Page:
Kathi and I often have lunch in a park that’s located in an area, which is not far from where we work. One day during the May monsoon of 2015, a curious break in the precipitation occurred during one of these luncheon interludes, which offered a short opportunity that the birds and squirrels quickly took advantage of.

Feeling sorry for the critters, Kathi threw out a few scraps of bread. Typically, the birds battle it out for precedence over the handout. However, on this occasion, in the midst of the ornithological onslaught, a squirrel fought its way in and grabbed a tidbit of the soggy bread. The squirrel immediately jumped onto a wooden pole just in front of the car, where he began to eat his procured morsel, as if, in order to honor his benefactors, he chose to dine with us within the bird battlefield, rather than retreating to higher ground.

Afterward, the weekend, now seemingly cemented in routine, came and went rather quickly. Sunday afternoon, after church, and after staring through the window at the steady rain, I step into the office to get a bit of writing done. However, as often is the case, my mind refuses to cooperate, and my hopes of diving into the world of Detective Elliot are dashed. I begin to go bonkers. I’m the type of person, who has to have something to do; all the time. This can be a good thing, but it hardly ever seems that way. I should envy those people who enjoy sitting on the couch for hours completely submersed in some television program, but I don’t. I cannot even begin to understand it. Even the thought of it drives me up the wall. But nothing else comes to mind, so I decide to give it a try.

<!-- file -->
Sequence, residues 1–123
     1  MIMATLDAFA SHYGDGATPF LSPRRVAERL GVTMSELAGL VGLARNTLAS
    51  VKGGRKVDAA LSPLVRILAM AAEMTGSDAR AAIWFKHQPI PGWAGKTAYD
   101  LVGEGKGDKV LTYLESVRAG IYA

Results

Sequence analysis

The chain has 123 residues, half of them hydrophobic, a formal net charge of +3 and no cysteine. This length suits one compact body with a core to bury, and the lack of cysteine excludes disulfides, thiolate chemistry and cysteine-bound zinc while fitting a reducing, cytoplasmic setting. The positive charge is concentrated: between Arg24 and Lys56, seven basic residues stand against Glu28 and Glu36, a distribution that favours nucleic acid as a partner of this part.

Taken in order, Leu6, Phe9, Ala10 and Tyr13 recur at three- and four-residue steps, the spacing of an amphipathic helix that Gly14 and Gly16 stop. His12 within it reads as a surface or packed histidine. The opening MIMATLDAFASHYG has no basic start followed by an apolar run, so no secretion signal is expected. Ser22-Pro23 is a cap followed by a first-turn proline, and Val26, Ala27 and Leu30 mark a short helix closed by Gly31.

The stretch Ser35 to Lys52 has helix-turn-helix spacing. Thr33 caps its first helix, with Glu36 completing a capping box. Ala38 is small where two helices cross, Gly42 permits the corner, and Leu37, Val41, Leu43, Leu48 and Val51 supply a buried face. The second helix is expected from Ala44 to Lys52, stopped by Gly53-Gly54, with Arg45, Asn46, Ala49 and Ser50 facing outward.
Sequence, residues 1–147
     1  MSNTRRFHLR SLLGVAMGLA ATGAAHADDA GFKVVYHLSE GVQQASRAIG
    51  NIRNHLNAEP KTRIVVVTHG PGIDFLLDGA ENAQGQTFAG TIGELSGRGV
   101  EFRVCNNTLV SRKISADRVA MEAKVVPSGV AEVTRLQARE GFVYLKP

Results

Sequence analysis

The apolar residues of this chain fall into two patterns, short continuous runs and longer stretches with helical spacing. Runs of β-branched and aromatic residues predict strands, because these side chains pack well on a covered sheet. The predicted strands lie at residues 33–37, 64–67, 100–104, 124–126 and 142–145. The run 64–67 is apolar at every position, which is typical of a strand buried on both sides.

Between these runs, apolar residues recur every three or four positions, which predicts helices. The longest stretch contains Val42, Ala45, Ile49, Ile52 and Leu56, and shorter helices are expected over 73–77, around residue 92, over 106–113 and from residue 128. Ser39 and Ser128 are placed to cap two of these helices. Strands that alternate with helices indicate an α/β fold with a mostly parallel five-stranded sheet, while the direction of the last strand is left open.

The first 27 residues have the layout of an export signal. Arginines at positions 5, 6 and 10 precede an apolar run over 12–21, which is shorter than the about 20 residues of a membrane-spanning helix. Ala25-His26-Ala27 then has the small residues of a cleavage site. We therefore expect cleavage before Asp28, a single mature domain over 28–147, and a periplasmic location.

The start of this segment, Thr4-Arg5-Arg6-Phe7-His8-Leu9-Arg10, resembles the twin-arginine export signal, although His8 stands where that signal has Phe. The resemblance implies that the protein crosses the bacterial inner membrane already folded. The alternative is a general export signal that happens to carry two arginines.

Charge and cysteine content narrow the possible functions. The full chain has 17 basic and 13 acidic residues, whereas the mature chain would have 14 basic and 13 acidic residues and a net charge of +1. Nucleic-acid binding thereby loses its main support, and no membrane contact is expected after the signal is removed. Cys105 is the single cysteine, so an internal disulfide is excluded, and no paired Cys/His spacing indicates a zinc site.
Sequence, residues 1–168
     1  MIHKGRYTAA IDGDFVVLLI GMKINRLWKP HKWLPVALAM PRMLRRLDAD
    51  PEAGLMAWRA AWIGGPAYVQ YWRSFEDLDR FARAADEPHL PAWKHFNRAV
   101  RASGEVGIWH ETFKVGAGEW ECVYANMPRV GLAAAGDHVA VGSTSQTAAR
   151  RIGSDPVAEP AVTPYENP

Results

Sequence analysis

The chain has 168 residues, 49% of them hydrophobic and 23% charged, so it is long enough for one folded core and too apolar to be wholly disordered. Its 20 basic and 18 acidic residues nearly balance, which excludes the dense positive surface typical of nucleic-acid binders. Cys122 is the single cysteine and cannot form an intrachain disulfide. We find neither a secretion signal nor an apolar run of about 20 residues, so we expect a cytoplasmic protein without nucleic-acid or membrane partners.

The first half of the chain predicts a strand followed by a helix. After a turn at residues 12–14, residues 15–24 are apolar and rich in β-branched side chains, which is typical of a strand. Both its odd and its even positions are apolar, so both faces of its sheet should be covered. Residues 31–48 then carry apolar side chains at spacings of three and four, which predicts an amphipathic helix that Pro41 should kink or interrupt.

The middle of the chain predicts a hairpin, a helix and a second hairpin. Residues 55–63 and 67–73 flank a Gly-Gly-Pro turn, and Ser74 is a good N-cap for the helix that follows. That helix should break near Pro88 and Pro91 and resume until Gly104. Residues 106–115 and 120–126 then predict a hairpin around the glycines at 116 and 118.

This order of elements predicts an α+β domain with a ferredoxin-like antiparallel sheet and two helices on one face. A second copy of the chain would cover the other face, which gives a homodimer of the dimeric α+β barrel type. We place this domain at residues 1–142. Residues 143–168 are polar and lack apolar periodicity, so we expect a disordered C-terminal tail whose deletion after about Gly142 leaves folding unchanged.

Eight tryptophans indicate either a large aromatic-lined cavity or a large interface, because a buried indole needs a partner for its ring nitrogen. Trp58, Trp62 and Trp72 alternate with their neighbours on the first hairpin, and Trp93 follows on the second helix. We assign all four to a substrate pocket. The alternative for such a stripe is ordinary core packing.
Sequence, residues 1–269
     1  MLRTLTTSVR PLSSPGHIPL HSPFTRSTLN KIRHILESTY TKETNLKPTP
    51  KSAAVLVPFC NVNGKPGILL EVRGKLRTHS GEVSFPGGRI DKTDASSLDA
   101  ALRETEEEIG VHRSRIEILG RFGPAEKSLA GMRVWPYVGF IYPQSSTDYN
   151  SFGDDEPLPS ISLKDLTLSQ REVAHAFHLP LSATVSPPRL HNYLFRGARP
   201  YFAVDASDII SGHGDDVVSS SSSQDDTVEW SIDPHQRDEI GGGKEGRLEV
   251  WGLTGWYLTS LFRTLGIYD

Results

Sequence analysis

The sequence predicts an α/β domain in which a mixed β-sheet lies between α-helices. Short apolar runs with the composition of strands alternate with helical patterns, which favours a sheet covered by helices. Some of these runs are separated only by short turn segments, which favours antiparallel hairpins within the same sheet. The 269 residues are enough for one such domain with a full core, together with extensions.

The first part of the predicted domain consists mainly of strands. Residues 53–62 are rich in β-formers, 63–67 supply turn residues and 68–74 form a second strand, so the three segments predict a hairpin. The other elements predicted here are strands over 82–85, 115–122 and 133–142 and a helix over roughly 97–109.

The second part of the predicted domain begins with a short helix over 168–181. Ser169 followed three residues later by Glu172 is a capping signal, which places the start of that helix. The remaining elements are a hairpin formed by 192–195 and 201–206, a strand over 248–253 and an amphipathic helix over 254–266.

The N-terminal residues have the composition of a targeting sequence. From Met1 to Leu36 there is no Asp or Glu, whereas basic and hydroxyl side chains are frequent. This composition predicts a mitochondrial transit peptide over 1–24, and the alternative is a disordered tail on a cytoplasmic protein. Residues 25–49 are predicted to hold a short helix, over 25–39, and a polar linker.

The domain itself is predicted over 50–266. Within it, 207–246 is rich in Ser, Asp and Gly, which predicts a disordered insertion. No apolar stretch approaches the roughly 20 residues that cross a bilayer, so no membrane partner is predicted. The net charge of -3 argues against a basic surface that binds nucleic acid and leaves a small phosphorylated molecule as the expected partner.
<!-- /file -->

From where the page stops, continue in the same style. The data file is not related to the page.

Have you noticed that most reality programs concentrate more on personal problems between the participants than they do on what the show is supposed to be about? I love cars. I always have. When I decide to watch a program that’s supposed to be about cars, I want to see the cars, and not worry over Joe Blow getting the wrong part and missing some trumped up, artificial deadline.

And what is it with all the prescription medicine commercials? Aren’t commercials designed to convince us to buy stuff? And shouldn’t doctors be making those decisions?

I switch off the television and begin to make laps around the kitchen and dining room. The rain continues. It’s commonly believed that the amount of water on earth never changes, but gets recycled, moved around in some way. The water you drink today could have been swallowed by dinosaurs millions of years ago. I do not find this thought pleasing. However, if that is the case, it stands to reason that if one area is experiencing too much water, then other places are dealing with too little. I pray for balance, not for the rain to end, but for it to move on to areas where it is needed.

I think back to the squirrel, and how his attention seemed to be completely trained on eating his lunch. Of course I cannot know what was going on inside his furry, little head, but I imagine it all revolved around the bread. That would make a good line in a poem. I don’t think the squirrel was concerned about what had happened yesterday, and I doubt he was worried about what might happen tomorrow.

God does work in mysterious ways. Through the squirrel, he reminded me that life does not have to be complicated. Throughout the New Testament of the Bible, Jesus often makes this point, for those who have eyes to see, and ears to listen.